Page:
Power plants were the top source of U.S. greenhouse gas emissions reported by large emitters in 2011, accounting for about two-thirds of the total emitted by more than 8,000 sources nationwide, the Environmental Protection Agency reported Feb. 5.
A distant second to power plant emissions was the oil and natural gas production sector, followed by refineries, according to the EPA data.
U.S. industries are required to report their emissions under an agency reporting requirement Congress authorized in a fiscal year 2008 EPA-Interior funding bill (Pub. L. No. 110-161). EPA expanded the emissions reporting in 2011 to include 12 additional sectors that were not previously required to submit the data, including the oil and natural gas sector and coal mines.
While power plants remain the top U.S. emissions source with 2.2 billion metric tons of carbon equivalent emitted in 2011, their emissions declined 4.6 percent from 2010 levels, mostly due to fuel switching from more carbon-intensive coal to natural gas and increased development of renewable sources, EPA said.
The 2011 data were culled from emissions data reported from a total of 41 industry categories that emit significant quantities of greenhouse gases; to be required to report emissions, each facility must emit at least 25,000 tons annually. A total of 25,000 tons of emissions is equivalent to the carbon dioxide emitted from the burning of 131 rail cars worth of coal, according to EPA.
The petroleum and natural gas systems, the second-largest emitting sector, reported a total of 225 million metric tons of emissions in 2011 from 1,880 reporters, the most of any sector.
Because it was the first year of reporting oil and natural gas emissions, EPA said, there are no data to compare that figure to the prior year. This sector includes onshore and offshore oil and gas production facilities, as well as natural gas processing, distribution, and storage, and liquefied natural gas storage and import and export equipment.
Refineries were the third largest source, with 145 operations emitting a total of 182 million metric tons, a 0.5 percent decline from refinery emissions in 2010.
The 8,000 large sources of greenhouse gas emitters reporting data to EPA represent between 85 percent and 90 percent of total U.S. emissions, the agency said.
It does not include several significant emissions sources such as agricultural operations and land-use changes, the agency said.
EPA Feb. 5 also unveiled an updated web tool that allows users to access facility-level data from reporting entities as well as state-by-state data.
Environmental groups applauded the release of the emissions data, which provides “Americans with important information about the climate-disrupting pollution that's being emitted by large industrial sources in our communities,” according to Peter Zalzal, staff attorney with the Environmental Defense Fund's domestic climate and air legal team.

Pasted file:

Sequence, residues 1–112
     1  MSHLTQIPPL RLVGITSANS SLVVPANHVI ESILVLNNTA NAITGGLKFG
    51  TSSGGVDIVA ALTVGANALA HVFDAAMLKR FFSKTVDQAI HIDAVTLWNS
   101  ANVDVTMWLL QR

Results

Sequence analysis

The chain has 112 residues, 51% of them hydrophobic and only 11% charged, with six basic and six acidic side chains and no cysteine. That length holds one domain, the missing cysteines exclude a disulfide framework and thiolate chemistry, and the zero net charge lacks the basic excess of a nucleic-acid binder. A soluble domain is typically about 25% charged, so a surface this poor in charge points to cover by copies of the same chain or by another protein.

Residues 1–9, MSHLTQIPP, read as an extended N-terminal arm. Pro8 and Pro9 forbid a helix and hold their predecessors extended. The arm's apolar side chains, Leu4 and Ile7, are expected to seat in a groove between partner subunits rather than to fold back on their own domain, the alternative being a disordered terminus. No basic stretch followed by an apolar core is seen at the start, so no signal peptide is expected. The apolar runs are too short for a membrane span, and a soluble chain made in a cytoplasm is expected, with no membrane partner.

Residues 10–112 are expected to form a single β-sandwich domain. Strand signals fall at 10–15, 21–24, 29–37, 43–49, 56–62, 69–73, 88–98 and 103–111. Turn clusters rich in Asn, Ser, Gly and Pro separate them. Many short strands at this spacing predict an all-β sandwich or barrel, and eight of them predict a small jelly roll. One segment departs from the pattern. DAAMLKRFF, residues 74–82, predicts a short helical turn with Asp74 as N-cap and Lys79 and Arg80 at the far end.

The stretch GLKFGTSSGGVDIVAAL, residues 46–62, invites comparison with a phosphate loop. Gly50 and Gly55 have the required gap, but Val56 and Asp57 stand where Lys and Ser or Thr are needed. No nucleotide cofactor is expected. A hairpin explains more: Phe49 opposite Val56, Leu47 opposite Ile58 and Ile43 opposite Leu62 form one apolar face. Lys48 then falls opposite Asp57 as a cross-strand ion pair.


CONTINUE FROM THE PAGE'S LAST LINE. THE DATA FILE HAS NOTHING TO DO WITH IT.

While power plants accounted for 67 percent of total reported emissions in 2011, their share of the emissions total slightly declined from 2010, when plants accounted for 72.3 percent.
A total of 1,595 U.S. power plants reported the 2011 emissions data that EPA released.
The two largest emitters in the United States were both power plants, according to the 2011 data: the Juliette, Ga.-based Georgia Power Scherer power plant, which emitted a total of 22.072 million metric tons carbon-dioxide equivalent; followed closely by the Quinton, Ala.-based Alabama Power James H. Miller Jr. plant, which emitted about 22.06 million metric tons.
The Martin Lake power plant in Tatum, Texas, was the third largest emitter, at 18.4 million metric tons.
Because the second largest source, the oil and natural gas sector, was not required to report such data in 2010, its 2011 reported data--the 225 million metric tons emitted--essentially means it displaced what was the second leading emissions source the year before: the chemical industry (07 DEN A-1, 1/12/12).
The chemical industry reported a total of 180 million metric tons of emissions for 2011, up from 166 million metric tons in 2010.
The oil and gas sector--which EPA terms the “Petroleum and Natural Gas Systems Sector”--includes offshore and onshore petroleum and natural gas production; onshore natural gas processing; and onshore natural gas transmission compression.
By Dean Scott
The 2011 greenhouse gas reporting data, along with a data publication tool, are available at http://www.epa.gov/ghgreporting/.
Additional EPA emissions data are available at http://epa.gov/enviro/.
All Bloomberg BNA treatises are available on standing order, which ensures you will always receive the most current edition of the book or supplement of the title you have ordered from Bloomberg BNA’s book division. As soon as a new supplement or edition is published (usually annually) for a title you’ve previously purchased and requested to be placed on standing order, we’ll ship it to you to review for 30 days without any obligation. During this period, you can either (a) honor the invoice and receive a 5% discount (in addition to any other discounts you may qualify for) off the then-current price of the update, plus shipping and handling or (b) return the book(s), in which case, your invoice will be cancelled upon receipt of the book(s). Call us for a prepaid UPS label for your return. It’s as simple and easy as that. Most importantly, standing orders mean you will never have to worry about the timeliness of the information you’re relying on. And, you may discontinue standing orders at any time by contacting us at 1.800.960.1220 or by sending an email to email@example.com.
Put me on standing order at a 5% discount off list price of all future updates, in addition to any other discounts I may quality for. (Returnable within 30 days.)
Notify me when updates are available (No standing order will be created).